Today will end my first full week as an intern at The Mentoring Project. When I told people what I was going to do for the summer, I got a lot of responses. Many people said things like, “I wish I had the time to mentor,” or “That seems like a cool idea!” This was sort of mind-boggling to me because it made it seem like mentoring was a foreign idea or something unknown that they had not heard of.
This was so crazy to me because everyone that said that was a mentor. So, here you have a mentor talking about how mentoring is a new idea to them. Ironic, right?
I think there’s this idea that mentoring is a special, delegated, scheduled, activity that only people with volunteer badges participate in. It’s quite the contrary, actually.
Everyone is a mentor.
How is that true? It’s true because everyone is connected to someone else. If you have any direct or indirect interaction with someone then you’ve been mentoring. So the question is not are you a mentor but what kind of mentor are you? We are all influenced by the people around us. Everything you do has the potential to affect someone else, for good or for bad. We are all farmers, planting seeds with our words and our deeds. Whether we like it or not, we are all mentors. Some teaching helpful skills, others modeling destruction.
The mom that drives a carpool of kids to school every morning is a mentor.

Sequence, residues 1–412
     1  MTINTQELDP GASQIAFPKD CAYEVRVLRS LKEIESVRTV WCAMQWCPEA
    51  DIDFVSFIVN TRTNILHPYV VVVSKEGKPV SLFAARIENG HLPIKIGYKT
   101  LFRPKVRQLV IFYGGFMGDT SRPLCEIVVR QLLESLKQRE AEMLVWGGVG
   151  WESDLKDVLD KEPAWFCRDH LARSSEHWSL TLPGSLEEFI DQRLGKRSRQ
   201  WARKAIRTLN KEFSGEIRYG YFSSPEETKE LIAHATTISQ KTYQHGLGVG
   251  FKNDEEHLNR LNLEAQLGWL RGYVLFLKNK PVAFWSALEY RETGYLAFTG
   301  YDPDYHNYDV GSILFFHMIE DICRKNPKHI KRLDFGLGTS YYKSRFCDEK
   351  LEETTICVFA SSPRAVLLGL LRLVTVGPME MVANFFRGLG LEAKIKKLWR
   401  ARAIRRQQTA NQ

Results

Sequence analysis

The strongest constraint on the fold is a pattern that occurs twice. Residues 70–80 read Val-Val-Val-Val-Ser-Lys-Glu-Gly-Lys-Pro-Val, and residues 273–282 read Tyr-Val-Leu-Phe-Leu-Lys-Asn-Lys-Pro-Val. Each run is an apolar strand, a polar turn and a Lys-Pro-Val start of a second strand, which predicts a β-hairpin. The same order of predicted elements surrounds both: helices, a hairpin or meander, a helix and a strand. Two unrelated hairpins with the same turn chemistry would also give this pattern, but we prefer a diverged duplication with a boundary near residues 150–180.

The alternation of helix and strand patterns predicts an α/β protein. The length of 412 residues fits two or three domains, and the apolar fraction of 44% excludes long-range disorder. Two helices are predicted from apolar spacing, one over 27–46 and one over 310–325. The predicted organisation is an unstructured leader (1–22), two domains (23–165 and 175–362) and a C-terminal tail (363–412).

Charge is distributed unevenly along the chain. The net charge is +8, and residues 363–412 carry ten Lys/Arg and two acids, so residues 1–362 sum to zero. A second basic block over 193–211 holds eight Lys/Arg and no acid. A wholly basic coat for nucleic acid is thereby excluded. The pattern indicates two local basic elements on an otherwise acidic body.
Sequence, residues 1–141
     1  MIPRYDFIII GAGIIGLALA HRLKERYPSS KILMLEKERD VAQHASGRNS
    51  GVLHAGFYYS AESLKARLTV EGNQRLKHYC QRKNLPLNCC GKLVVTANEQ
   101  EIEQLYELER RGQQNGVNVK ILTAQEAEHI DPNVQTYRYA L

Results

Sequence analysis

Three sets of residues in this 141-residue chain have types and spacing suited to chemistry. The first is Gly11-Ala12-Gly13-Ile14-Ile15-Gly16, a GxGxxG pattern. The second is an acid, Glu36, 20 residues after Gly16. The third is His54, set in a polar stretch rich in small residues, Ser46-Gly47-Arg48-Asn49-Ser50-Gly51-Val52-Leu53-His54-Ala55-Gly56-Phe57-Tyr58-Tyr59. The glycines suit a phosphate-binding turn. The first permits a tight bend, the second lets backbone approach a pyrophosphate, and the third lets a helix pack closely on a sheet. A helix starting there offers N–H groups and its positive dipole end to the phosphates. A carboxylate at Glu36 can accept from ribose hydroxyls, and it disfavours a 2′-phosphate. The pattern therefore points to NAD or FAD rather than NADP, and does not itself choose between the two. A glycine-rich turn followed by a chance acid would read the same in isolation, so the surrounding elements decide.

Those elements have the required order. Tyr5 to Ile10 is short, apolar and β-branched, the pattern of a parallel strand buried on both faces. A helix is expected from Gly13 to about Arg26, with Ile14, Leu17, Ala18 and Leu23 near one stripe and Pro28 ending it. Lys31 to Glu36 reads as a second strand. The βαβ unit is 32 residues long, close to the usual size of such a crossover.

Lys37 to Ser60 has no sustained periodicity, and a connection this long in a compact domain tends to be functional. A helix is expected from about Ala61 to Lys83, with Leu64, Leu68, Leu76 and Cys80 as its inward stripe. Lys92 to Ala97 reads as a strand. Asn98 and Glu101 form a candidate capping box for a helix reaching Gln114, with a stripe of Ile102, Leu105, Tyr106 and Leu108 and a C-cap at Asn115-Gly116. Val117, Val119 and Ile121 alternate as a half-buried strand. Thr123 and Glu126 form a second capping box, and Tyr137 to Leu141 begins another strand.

The eighth grade Algebra teacher is a mentor.
The third grade student that pushes the younger kids on the swing at recess is a mentor.
The drug dealer interacting with his clients is a mentor.
We communicate things to others when we’re present and when we’re absent. Our actions speak clear words to others. We are all teachers and we are all students. Now that you know you’re a mentor, you can learn how to do it the right way. This is where The Mentoring Project steps in.
This post is by Raven, one of The Mentoring Project's outstanding summer interns. Follow the interns' summer journey here on The Mentoring Project's blog.
Right now, our interns and staff are up to their elbows working on The Mentoring Project's annual #dontbuythetie campaign. This hybrid fundraiser and advocacy effort allows you to give your Dad/Mentor a unique gift and help The Mentoring Project recruit, train and match more mentors at the same time. This makes Father's Day a whole new ball game.